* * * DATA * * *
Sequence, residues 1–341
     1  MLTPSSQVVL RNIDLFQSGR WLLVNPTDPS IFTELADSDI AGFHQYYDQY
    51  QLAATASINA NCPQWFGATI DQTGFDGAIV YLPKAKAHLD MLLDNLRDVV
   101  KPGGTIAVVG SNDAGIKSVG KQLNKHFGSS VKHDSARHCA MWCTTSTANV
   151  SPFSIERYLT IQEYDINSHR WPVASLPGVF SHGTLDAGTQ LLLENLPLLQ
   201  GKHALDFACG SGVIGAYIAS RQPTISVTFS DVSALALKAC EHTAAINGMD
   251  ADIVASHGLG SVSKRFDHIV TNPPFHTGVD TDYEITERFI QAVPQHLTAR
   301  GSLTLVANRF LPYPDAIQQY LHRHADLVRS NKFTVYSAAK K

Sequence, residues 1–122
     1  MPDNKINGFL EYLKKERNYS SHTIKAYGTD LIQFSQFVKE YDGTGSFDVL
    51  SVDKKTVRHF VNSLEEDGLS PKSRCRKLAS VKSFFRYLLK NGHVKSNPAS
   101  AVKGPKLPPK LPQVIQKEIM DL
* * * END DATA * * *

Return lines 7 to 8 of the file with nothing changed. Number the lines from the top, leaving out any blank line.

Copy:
   251  ADIVASHGLG SVSKRFDHIV TNPPFHTGVD TDYEITERFI QAVPQHLTAR
   301  GSLTLVANRF LPYPDAIQQY LHRHADLVRS NKFTVYSAAK K